The American Medical Association is expected to propose a three-part approach to changing the Medicare physician payment formula during a congressional hearing Thursday to examine the issue.
AMA to offer payment formula proposal
According to a copy of AMA President Dr. Cecil Wilson's written testimony, the association representing 216,000 of the nation's physicians suggests fixing the current payment system by repealing the sustainable growth-rate formula; implementing a five-year period of stable Medicare physician payments that keep pace with medical practice cost growth; and shifting to new payment models that enhance care coordination, quality, appropriateness and costs.
Wilson's testimony highlights that for nearly a decade, the SGR formula has called for annual reductions in Medicare reimbursements. In 2002, payments were cut by 5%, and Congress has intervened a dozen times since then to prevent additional cuts.
“The 10-year cost of a long-term solution has grown from about $48 billion in 2005 to nearly $300 billion today, and physician payments are scheduled to be cut by 29.5% on Jan. 1, 2012, with cuts potentially coming in future years,” according to the testimony. Providing a permanent solution, Wilson suggests, would provide more stability to patients covered by other payers that tie their rates to Medicare, including military members and their families, retirees in the Tricare program, retired federal employees and those enrolled in state Medicaid programs.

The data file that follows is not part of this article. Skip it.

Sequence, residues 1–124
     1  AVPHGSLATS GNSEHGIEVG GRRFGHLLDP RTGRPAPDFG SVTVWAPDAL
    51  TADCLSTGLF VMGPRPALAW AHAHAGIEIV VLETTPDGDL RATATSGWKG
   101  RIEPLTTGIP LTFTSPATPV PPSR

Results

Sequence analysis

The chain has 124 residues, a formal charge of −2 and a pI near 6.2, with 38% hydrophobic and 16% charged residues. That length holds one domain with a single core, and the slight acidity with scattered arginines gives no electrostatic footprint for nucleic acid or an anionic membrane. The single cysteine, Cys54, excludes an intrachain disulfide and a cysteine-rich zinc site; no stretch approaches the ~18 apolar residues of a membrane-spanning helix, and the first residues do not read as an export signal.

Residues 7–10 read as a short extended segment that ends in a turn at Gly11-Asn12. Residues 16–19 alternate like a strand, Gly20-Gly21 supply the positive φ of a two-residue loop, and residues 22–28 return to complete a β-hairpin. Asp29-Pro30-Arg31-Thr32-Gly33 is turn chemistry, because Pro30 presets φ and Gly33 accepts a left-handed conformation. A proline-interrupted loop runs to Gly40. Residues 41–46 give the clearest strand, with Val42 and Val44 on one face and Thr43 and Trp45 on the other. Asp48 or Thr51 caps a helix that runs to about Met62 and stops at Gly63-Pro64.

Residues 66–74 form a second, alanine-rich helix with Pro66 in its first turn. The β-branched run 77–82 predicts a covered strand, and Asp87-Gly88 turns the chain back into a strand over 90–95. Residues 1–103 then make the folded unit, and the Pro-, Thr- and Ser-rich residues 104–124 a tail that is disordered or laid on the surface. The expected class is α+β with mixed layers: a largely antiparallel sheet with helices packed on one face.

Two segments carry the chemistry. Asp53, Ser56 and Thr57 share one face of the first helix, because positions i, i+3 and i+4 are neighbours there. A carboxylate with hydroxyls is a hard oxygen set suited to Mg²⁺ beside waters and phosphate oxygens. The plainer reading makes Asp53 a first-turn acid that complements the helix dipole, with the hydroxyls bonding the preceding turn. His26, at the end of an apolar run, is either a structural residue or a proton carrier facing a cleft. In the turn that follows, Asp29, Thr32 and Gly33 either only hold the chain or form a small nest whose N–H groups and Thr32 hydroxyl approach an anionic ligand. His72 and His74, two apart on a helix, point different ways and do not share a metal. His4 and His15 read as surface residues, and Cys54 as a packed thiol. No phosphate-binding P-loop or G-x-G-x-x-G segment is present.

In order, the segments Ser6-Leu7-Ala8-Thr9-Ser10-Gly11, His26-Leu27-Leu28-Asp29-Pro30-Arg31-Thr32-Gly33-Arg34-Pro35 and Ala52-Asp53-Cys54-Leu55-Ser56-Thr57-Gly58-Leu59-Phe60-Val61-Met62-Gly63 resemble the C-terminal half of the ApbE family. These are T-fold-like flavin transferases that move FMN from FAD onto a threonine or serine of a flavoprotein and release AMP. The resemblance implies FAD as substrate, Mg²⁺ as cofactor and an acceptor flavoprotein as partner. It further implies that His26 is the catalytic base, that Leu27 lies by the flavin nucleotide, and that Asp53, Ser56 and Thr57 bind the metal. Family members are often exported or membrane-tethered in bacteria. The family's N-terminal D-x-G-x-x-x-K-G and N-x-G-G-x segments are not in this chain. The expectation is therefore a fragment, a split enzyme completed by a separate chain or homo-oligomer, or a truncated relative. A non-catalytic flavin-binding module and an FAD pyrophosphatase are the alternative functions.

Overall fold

Meanwhile, the AMA recommends that physicians receive positive Medicare physician updates that keep pace with growing medical practice costs for the years 2012-16. “During this time, policymakers, stakeholders and experts would work to develop and transition to a new Medicare physician payment system,” Wilson said in his testimony, adding that this would provide predictability at a time when physicians are making considerable investments in health information technology and quality-improvement initiatives.
Wilson's written testimony also included an attachment detailing demonstration and pilot models that he said “hold great promise” for identifying payment reform methods that improve patient care and quality—as well as physician operating margins—as they reduce the growth of Medicare spending. These include models for payment bundling, patient-centered medical homes and accountable care organizations.
The House Energy and Commerce Health Subcommittee will host its hearing Thursday, May 5. The other hearing witnesses are Michael Chernew, professor of health policy at Harvard Medical School; Dr. Roland Goertz, president of the American Academy of Family Physicians; Dr. David Hoyt, executive director of the American College of Surgeons; Dr. Mark McClellan, a senior fellow at the Brookings Institution; Harold Miller, executive director at the Center for Healthcare Quality and Payment Reform; and Dr. M. Todd Williamson spokesman for the Coalition of State Medical and National Specialty Societies.
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